Photos by Stephanie Hacke.
Kids from Propel East envision a way for coastal cities to survive when waters start to rise from global warming.
The plan: Live underwater.
“Global warming is a major factor on the earth and it’s irreversible, so we thought we may as well start living in the water,” says Caleb Lohr, 12.
Their idea is to build a dome around Aquacivis, a city in the year 2130 that is powered by algae.
“When algae goes to photosynthesis, it gives off a minor electric current,” says Juliana Connelly, 13. “So, by harnessing those currents, it allows for a renewable and environmentally friendly place to live.”
To that end, the team envisioned SAM, a Self-Automated Algae Machine, which will collect algae from the outside of the dome to make it quicker, easier and safer to collect the energy.
This forward-thinking group is one of 19 middle school teams who gathered at Carnegie Science Center for the regional DiscoverE’s Future City Competition. This year’s theme, Powering the Future, challenged kids to imagine and design innovative power grids for their future cities that can withstand and quickly recover from the impacts of a natural disaster.
Through the process, kids learn about engineering and why science and math are relevant to their lives.
The first-place team, Fort Couch Middle School, heads to the Future City Competition National Finals in Washington, D.C., during Engineers Week in February. St. Edmund’s Academy took second place, followed by West Mifflin Area School District at third, St. Bede School at fourth, and Marion Center Junior/Senior Highh School at fifth place.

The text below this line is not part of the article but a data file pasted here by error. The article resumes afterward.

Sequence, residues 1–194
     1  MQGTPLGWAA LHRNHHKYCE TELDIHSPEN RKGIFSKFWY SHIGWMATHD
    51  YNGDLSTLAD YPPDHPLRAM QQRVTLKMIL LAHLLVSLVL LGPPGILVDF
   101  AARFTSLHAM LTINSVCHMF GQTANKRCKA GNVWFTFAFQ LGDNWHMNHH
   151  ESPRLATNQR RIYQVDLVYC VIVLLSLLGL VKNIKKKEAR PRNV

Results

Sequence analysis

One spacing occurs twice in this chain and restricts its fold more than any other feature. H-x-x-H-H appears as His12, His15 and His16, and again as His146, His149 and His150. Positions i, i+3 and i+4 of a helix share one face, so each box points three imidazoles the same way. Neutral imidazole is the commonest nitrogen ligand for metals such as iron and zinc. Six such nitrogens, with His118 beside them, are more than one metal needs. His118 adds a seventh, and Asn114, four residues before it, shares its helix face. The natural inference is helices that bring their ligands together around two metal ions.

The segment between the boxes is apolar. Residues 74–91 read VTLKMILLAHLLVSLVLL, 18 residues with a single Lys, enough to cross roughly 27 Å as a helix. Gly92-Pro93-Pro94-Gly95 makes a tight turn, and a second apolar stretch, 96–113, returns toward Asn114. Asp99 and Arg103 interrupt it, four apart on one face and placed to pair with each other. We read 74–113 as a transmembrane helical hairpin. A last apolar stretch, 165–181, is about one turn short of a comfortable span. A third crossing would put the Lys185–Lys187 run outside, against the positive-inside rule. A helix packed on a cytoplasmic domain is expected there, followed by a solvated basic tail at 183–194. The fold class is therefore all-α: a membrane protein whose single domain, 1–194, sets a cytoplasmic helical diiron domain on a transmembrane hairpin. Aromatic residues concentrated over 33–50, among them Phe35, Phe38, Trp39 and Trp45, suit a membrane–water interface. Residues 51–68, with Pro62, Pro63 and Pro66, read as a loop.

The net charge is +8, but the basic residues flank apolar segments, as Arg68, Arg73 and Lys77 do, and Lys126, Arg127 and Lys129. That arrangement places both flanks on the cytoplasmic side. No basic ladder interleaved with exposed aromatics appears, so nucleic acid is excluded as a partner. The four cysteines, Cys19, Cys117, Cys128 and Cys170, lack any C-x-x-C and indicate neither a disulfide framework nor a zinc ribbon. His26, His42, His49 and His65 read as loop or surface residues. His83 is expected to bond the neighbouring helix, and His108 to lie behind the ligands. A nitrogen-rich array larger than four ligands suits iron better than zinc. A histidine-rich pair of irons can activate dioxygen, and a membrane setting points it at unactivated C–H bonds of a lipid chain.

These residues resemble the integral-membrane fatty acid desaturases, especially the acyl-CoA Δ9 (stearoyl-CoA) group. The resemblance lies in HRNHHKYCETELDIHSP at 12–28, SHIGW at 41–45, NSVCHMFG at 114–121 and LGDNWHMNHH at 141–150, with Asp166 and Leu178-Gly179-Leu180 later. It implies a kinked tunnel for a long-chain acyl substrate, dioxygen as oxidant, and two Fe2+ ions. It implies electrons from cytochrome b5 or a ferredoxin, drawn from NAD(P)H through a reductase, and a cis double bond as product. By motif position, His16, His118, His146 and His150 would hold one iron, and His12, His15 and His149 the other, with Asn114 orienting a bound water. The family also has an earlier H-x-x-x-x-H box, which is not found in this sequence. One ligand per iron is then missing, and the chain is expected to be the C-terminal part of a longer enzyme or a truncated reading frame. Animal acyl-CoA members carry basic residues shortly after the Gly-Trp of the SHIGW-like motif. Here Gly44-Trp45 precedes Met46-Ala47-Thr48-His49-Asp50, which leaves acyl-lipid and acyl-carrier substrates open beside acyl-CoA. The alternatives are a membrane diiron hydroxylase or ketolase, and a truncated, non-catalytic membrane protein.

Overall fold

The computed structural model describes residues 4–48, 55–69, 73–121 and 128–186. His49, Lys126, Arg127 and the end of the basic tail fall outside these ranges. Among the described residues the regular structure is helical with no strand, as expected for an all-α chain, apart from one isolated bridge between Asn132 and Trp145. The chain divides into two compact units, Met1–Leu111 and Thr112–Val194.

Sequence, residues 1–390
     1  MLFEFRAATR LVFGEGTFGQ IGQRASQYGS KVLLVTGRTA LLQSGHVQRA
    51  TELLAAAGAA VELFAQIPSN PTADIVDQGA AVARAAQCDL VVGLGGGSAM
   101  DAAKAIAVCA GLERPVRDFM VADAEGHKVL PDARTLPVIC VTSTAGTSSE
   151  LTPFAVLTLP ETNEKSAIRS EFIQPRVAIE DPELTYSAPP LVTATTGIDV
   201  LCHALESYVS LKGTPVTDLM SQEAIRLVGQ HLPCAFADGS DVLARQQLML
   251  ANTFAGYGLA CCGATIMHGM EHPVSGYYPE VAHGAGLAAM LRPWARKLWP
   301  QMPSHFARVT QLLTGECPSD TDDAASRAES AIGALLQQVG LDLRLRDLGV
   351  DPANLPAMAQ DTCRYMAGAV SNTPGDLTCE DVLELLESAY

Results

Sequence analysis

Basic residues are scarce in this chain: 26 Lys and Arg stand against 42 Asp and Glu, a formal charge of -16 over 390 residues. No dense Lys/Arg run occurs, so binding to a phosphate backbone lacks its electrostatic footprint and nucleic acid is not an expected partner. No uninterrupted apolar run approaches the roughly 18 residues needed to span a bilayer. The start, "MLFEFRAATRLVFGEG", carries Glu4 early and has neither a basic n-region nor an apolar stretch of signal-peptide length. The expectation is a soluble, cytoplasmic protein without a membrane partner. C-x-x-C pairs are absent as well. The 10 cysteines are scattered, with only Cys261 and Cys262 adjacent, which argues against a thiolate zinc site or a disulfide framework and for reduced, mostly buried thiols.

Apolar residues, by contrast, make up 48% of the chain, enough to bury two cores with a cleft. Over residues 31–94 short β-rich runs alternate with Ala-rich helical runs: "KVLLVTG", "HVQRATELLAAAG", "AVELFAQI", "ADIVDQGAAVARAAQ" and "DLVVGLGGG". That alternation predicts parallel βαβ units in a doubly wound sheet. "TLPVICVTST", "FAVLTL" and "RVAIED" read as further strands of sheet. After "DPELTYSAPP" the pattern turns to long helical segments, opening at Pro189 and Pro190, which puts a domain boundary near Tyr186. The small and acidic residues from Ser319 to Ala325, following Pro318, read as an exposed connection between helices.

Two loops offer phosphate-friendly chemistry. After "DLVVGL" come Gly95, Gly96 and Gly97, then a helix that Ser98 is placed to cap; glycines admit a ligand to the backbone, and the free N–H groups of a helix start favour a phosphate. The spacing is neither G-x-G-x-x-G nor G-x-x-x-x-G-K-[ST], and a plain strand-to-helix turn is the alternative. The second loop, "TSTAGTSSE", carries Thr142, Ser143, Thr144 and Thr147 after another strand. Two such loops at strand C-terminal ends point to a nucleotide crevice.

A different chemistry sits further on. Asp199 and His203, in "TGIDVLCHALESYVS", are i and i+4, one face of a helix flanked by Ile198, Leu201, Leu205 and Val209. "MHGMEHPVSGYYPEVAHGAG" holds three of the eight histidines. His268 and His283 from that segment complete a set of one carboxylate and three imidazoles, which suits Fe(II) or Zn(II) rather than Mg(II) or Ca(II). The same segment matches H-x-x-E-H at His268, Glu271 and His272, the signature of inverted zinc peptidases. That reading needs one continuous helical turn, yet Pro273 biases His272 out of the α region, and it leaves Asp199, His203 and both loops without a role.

Teams have been working for months researching how cities work, the important issues a city faces and how power grids operate, says Liz Whitewolf, director of science and education at the Carnegie Science Center, which partnered with Future City for the regional competition.
“They’re learning about engineering, power and power sources, and maybe they’re learning about alternative energy, maybe they’re learning about electricity,” she says. “It’s really up to them to define the challenge and make it their own.”
Teams turn in documentation of their findings and keep to a schedule, just like professional engineers. Their $100 budget forces them to be thrifty and learn how to re-use recycled materials.
The team of students from West Mifflin Area Middle School found the solution for tornadoes and flash flooding for their city, located near Topeka, Kansas. Their city, Imperium Civitas, is set in the year 2023.
Their plan includes houses built on hydraulics that move underground during a natural disaster. Solar panels provide electricity for a week, with a backup battery, if needed, says Flynn McCracken, 13.
The city’s roads are made of permeable concrete that allows water to flow to an underground system, where it is caught and filtered.
“We rely on clean energy,” says Angkith Khatiwada, 13. “All of our cars are electric, so our citizens don’t have to live in a polluted area.”
The team at St. Bede School saw a way to embrace the floods in their city, called Jala Kamala, by taking a cue from the lotus flower.
“When water hits the lotus flower, it beads up and rolls off, taking any diseases with it,” says Bridget Shaver, 13.
The team created “lotus skin,” to apply to the town’s buildings, using a substance that coasts nonstick cooking pans. The town runs on hydro turbines and wind turbines shaped like the lotus flower.
STEM lessons aside, working together brought a whole other level of knowledge and experience.
“Teamwork is everything,” says Nya White, 14. “If you don’t have teamwork, you have no idea what’s happening.”